“I am not an artist who depends on the market,” Zheng told Artnet News. His low-cost works, which he describes as “living projects,” simply don’t require much material beyond nude actors and naturally lit forest floors. He began working with a gallery, Kiang Malingue, for the first time in 2018. “I think they are the only gallery that has approached me,” he added with a laugh. “I don’t depend on the gallery but it is good to have the relationship, which is loose.” Asked if his work is ever presented at art fairs, he said he wasn’t sure.
The art market loves to express proximity to, and borrow discourse from, artists like Zheng, though the affection is not reciprocated. Of course, some biennials, such as the recently opened Venice Biennale, feature rising-star painters like Louise Bonnet and Jamian Juliano-Villani. Yet the biennial power players who topped our list generally have a disinterest, distrust, or dislike of the art market.
This is not entirely surprising given that their work is often highly political and skeptical of capitalism, neoliberalism, and Western approaches to cultural production. Art collective Forensic Architecture, which appeared in seven shows between 2017 and 2022, created a work for the 2019 Whitney Biennial that examined the museum’s now-former board member Warren Kanders’s teargas-manufacturing company. And Hito Steyerl, who appeared at six biennials between 2017 and 2019, frequently criticizes hyper-financialization and burgeoning technology in her videos.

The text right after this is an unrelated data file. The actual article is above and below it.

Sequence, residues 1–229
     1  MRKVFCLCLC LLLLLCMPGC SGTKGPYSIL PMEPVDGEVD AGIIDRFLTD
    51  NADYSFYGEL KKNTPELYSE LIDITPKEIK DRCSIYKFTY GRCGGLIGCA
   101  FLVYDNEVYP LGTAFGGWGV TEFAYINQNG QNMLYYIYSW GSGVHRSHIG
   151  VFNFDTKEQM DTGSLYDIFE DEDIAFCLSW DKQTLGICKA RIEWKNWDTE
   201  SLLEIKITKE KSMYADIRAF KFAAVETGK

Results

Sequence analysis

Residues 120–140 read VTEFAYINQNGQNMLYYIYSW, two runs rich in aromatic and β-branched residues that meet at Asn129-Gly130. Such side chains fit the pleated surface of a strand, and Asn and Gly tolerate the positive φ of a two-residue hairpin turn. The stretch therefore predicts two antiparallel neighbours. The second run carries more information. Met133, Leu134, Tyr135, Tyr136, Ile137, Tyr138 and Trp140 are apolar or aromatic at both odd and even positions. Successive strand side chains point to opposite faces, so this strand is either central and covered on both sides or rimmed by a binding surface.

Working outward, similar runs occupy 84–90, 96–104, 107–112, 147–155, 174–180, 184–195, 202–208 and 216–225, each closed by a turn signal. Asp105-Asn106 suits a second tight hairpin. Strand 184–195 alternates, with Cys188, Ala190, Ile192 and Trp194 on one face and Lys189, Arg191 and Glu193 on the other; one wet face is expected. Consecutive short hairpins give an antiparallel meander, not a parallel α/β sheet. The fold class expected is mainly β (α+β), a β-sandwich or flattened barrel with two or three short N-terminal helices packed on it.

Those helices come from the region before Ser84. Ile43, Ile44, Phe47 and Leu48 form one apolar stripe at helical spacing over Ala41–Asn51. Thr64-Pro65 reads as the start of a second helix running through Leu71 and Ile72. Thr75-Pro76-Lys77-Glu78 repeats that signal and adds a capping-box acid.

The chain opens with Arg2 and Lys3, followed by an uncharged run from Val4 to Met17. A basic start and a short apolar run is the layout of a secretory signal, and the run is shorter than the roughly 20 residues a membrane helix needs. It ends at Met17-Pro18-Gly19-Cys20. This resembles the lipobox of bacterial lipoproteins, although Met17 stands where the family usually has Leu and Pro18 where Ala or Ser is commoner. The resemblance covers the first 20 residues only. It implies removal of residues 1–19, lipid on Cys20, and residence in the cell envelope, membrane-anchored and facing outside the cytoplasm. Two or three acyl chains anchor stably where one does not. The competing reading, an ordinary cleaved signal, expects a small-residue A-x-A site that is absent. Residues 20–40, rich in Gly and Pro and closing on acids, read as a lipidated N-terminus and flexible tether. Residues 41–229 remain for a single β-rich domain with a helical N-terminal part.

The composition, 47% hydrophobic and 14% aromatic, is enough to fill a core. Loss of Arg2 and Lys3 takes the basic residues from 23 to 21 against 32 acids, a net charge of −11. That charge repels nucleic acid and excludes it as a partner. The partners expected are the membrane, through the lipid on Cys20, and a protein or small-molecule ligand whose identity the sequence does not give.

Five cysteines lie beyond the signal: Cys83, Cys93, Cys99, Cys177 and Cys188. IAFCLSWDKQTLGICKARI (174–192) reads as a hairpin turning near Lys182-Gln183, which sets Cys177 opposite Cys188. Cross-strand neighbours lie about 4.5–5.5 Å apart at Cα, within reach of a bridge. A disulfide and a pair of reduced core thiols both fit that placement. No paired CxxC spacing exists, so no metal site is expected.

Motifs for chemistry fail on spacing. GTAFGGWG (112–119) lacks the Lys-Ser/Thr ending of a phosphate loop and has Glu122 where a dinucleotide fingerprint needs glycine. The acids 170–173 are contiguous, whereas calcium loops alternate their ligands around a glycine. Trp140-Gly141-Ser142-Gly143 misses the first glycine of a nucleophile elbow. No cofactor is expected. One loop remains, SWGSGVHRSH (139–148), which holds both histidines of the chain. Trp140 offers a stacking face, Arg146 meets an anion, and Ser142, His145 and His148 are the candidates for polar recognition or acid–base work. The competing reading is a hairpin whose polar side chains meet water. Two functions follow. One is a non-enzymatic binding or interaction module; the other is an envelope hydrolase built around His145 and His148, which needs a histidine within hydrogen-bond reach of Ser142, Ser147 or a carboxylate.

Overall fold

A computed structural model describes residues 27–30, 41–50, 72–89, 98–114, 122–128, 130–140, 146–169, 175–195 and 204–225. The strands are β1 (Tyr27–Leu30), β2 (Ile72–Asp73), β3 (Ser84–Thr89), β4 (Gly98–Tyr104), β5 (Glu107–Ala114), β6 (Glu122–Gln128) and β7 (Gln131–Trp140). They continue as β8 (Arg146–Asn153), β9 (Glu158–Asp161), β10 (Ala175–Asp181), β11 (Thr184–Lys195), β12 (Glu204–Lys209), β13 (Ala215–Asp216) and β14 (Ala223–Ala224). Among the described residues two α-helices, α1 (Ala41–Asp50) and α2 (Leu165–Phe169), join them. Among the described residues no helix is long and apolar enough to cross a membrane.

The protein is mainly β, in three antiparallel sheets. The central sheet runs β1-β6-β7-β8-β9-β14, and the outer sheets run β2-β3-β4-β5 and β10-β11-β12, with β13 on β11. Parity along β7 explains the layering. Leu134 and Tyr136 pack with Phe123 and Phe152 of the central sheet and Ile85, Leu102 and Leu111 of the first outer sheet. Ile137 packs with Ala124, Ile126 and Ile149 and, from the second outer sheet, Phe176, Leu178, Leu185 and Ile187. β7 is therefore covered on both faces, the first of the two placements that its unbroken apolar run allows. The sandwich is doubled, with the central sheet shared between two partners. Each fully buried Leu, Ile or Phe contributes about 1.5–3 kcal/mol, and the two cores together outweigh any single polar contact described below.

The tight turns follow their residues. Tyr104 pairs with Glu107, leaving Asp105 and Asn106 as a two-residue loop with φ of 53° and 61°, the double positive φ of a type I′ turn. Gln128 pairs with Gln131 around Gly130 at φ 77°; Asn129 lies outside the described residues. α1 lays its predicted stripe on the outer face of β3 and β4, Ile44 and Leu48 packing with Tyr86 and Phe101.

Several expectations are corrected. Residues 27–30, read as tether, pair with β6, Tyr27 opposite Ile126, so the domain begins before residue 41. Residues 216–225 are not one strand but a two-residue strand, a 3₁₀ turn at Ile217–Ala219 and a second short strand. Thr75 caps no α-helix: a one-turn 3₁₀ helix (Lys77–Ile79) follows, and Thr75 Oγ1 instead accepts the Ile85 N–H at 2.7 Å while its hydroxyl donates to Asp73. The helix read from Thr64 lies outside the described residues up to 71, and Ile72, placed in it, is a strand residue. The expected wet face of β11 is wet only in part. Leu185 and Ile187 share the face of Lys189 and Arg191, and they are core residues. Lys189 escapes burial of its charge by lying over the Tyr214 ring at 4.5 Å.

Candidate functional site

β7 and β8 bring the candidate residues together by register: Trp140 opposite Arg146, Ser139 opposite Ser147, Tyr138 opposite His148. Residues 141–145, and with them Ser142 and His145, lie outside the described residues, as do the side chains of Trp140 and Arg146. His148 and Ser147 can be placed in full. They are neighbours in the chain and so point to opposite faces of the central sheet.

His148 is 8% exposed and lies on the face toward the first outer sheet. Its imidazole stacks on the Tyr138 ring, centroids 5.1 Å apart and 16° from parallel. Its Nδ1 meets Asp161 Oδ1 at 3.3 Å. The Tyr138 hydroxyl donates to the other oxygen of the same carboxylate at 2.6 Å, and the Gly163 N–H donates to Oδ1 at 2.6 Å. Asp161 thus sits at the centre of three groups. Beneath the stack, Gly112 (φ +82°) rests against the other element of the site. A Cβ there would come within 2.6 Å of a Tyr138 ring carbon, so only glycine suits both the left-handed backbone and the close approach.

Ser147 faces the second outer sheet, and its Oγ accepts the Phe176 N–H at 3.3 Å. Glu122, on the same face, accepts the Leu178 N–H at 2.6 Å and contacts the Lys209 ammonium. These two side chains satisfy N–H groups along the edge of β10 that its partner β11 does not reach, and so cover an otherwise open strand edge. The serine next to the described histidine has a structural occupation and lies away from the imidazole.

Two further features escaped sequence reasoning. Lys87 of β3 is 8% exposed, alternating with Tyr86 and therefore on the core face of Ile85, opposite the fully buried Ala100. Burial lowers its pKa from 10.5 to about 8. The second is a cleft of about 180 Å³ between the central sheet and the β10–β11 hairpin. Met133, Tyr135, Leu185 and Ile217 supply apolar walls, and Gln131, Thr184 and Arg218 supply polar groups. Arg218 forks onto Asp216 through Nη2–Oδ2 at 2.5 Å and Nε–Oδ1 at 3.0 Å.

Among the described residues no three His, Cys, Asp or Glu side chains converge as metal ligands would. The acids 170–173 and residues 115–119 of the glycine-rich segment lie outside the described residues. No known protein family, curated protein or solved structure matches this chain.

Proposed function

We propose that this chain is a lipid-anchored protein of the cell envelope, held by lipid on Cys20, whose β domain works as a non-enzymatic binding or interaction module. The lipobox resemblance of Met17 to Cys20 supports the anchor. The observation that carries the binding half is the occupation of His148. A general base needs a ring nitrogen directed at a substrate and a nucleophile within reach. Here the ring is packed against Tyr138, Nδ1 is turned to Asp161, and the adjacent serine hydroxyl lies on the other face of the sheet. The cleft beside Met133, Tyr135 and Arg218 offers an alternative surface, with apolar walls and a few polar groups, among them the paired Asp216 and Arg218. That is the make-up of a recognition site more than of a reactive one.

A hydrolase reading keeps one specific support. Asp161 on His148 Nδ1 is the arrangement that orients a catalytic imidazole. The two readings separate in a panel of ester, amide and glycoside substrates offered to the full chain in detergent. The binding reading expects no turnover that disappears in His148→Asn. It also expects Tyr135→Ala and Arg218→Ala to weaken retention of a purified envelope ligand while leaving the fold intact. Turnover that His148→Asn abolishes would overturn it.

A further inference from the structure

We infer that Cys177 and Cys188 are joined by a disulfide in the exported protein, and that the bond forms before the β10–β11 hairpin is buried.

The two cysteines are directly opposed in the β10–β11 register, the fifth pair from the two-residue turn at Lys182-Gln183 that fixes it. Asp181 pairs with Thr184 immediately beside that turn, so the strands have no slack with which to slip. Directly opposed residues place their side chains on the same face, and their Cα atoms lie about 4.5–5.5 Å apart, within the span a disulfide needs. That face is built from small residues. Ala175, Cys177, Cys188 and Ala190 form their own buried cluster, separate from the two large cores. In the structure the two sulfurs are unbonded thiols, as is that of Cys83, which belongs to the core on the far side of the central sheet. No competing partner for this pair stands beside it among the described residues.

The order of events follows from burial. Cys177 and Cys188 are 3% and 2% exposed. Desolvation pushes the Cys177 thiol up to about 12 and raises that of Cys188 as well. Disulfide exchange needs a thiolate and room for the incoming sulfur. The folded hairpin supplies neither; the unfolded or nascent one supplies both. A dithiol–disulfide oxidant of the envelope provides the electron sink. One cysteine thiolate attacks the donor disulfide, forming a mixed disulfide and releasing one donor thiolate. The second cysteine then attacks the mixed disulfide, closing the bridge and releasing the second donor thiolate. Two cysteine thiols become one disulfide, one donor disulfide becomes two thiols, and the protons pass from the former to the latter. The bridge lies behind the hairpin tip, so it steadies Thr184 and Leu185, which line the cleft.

Suffice it to say, many of these artists might not run into the arms of a market known for storing money for the world’s wealthiest.
On Form, Function, and Place
There is also the question of form. Ambitious installations and multi-channel video works are an ideal vessel for complex topics, which means they are a frequent presence at biennials—but they are also difficult to buy and sell.
“If I can be cynical, none of these artists is a painter,” Cecilia Alemani, the curator of this year’s much-lauded Venice Biennale, said after I rattled off some of the artists on our list. “How many times have you seen video works go to auction or sell for millions of dollars? Not often—actually, perhaps never.… They just run on two different tracks and two different fuels: one is money, the other is hopefully content and meaning.”
Paris-based Lebanese artist Ali Cherri, who describes the subject of his work as “geographies of violence,” addresses major political events through films that straddle the art and cinema worlds. His newest, The Dam, premiered at at Cannes, while a related three-channel video was shown at the Venice Biennale, where it won the Silver Lion for a promising young participant. Both films are set around the 2013 Sudanese revolution. The Dam tells the story of a man who goes to the desert to build a mysterious mud construction, which comes alive.